This is an interesting article about how cities have basically become political ‘monocultures’ where one party dominates overwhelmingly. The trend has accelerated in the last 20 years (much to the demise of the city overall, many would say). Places like San Francisco are now so closed-minded politically they have very few new ideas despite a constantly changing population, and utter contempt for people ‘not living in urban environments’ is starting to creep into more and more political discourse. The term and mentality ‘fly over states’ to describe that area between the East and West coast is what cost Kerry the 2004 election.
Obama is strong in these places, but can run into problems if he follows city-dweller’s advices and biases (a la the ‘bitter remark’ that most city folks just accept as a fact, despite the fact that it played like crap in other areas of the country). The article points out that Obama, if he wants to win, should really ignore his base (basically) and concentrate on puling enough votes out of red areas to make things competitive.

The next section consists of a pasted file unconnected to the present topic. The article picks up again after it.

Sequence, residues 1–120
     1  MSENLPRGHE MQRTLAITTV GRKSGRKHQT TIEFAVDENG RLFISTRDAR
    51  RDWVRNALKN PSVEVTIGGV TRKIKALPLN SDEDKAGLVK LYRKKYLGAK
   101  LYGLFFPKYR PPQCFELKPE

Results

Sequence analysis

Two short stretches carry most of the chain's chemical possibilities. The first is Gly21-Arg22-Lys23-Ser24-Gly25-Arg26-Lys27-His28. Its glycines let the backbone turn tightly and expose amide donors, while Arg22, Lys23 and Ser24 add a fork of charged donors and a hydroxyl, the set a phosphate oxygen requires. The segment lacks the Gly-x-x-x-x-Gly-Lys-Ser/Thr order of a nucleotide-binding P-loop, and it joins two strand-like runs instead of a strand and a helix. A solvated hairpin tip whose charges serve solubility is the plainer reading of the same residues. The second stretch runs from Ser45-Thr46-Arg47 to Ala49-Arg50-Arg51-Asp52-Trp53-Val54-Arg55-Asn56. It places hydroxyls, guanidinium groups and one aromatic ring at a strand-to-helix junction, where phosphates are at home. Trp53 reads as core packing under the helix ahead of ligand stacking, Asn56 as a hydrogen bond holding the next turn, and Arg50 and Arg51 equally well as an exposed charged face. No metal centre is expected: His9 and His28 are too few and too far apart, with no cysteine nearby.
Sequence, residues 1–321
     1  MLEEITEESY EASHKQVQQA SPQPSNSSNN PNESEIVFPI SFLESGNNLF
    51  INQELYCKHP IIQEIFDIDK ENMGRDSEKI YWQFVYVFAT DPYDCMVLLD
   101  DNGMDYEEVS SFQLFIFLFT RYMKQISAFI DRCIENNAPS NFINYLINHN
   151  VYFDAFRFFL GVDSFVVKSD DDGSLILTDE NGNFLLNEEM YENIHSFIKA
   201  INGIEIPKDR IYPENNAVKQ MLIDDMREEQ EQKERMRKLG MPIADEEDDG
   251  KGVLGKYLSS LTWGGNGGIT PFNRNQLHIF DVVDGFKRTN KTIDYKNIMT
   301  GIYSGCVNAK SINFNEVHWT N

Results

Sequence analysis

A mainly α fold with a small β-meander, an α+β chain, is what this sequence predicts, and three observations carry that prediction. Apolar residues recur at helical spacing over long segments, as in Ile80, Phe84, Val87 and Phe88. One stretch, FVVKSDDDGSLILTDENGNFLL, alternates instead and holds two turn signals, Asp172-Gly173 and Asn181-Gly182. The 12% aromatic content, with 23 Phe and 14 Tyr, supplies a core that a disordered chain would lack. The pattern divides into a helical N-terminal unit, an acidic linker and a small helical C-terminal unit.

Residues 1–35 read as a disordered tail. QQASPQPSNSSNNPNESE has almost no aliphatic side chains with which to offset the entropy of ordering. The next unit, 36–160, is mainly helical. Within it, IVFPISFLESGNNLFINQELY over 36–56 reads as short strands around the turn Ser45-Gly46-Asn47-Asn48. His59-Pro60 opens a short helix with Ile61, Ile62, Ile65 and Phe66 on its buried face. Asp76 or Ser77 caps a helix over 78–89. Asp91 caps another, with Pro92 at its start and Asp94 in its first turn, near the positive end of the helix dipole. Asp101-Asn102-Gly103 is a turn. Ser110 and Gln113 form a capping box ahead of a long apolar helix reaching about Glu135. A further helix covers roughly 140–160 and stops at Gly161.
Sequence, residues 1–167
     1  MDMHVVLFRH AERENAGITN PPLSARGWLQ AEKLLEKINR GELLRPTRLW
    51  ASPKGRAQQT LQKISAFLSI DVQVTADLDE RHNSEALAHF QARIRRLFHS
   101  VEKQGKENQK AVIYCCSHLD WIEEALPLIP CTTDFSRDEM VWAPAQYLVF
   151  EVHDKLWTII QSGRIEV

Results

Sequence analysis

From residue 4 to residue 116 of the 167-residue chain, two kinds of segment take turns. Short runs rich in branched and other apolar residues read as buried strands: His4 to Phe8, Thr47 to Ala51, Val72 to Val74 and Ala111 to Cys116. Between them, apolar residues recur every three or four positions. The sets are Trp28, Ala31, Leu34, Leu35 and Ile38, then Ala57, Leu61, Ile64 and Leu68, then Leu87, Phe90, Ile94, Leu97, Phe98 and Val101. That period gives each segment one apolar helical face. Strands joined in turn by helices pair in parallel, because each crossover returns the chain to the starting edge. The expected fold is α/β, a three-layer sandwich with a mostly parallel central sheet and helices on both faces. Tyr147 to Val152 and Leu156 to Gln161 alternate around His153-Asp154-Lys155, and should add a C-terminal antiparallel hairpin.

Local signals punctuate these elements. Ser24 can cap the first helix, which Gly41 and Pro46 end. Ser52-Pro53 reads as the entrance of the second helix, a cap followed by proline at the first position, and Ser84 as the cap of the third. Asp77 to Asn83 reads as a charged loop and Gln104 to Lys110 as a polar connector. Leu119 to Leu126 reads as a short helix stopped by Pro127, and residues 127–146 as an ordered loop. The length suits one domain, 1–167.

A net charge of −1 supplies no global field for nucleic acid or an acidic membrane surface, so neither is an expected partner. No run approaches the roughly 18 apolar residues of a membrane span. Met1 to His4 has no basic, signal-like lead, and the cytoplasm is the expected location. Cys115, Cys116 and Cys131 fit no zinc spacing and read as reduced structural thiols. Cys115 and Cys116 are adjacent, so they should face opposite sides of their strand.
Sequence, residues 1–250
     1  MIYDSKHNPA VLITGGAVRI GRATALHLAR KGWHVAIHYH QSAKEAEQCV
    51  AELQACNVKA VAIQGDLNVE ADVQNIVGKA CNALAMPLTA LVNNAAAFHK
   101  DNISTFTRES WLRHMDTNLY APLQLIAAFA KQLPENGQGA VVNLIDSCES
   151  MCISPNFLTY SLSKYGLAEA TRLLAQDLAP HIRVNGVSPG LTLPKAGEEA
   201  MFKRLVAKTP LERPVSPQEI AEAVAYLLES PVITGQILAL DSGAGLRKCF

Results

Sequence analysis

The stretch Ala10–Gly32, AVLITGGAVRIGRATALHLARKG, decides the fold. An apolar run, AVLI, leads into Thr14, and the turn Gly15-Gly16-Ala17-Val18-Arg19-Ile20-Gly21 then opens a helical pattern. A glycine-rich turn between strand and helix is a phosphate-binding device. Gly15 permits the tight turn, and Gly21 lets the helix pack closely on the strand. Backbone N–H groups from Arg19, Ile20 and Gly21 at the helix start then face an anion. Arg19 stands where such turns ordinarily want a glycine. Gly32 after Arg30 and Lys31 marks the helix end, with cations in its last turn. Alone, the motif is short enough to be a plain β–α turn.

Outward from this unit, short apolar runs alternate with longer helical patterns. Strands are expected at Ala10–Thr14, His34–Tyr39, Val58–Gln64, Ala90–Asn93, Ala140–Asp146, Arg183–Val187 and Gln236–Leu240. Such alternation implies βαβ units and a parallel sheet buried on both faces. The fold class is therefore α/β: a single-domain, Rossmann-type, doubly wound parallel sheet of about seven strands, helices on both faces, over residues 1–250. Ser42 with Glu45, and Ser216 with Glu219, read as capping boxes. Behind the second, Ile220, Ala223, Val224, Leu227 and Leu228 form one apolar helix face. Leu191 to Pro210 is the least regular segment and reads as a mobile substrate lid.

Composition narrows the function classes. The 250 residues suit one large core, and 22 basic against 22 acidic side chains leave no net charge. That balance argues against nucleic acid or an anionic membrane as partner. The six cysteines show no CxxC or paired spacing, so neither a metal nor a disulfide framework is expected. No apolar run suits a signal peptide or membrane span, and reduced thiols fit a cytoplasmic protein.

In recent months, the city-centered media such as CNN, The New York Times and National Public Radio have jumped on the urbanist bandwagon. They have promoted urban chauvinists’ contention that high gas prices and legislation to limit global warming would end the era of dispersion. This return to a more urbanized demography, some Democratic bloggers suggest, would assure a new liberal ascendancy.
Whatever Obama may believe personally, he would be well-advised to distance himself from such sentiments. For one thing, identifying with people who celebrate the demise of other geographies may offend the majority of Americans who prefer to live in “retro,” lower-density environments. Suburb- and countryside-bashing may turn on editors and readers of The New York Times, but it hardly constitutes good politics.
It’s a good article, and I’m not an Obama supporter by a long stretch, but this does talk about some interesting demographics worth noting.]]>